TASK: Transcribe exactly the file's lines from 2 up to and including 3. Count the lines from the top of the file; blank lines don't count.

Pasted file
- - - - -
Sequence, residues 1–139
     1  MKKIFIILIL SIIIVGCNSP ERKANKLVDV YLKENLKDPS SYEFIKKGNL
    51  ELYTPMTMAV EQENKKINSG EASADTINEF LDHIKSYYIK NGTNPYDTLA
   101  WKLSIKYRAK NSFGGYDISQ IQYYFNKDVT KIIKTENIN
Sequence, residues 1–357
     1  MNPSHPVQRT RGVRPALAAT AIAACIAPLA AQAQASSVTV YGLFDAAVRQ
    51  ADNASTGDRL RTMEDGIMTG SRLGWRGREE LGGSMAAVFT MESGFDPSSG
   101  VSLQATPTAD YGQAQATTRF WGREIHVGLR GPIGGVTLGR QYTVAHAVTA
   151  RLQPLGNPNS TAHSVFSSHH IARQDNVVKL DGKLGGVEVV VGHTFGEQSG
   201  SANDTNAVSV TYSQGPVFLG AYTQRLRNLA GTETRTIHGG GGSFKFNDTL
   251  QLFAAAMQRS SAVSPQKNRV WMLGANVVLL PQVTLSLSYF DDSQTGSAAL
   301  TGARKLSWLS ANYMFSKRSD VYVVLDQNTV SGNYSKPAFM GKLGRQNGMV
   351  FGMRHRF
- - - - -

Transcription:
     1  MKKIFIILIL SIIIVGCNSP ERKANKLVDV YLKENLKDPS SYEFIKKGNL
    51  ELYTPMTMAV EQENKKINSG EASADTINEF LDHIKSYYIK NGTNPYDTLA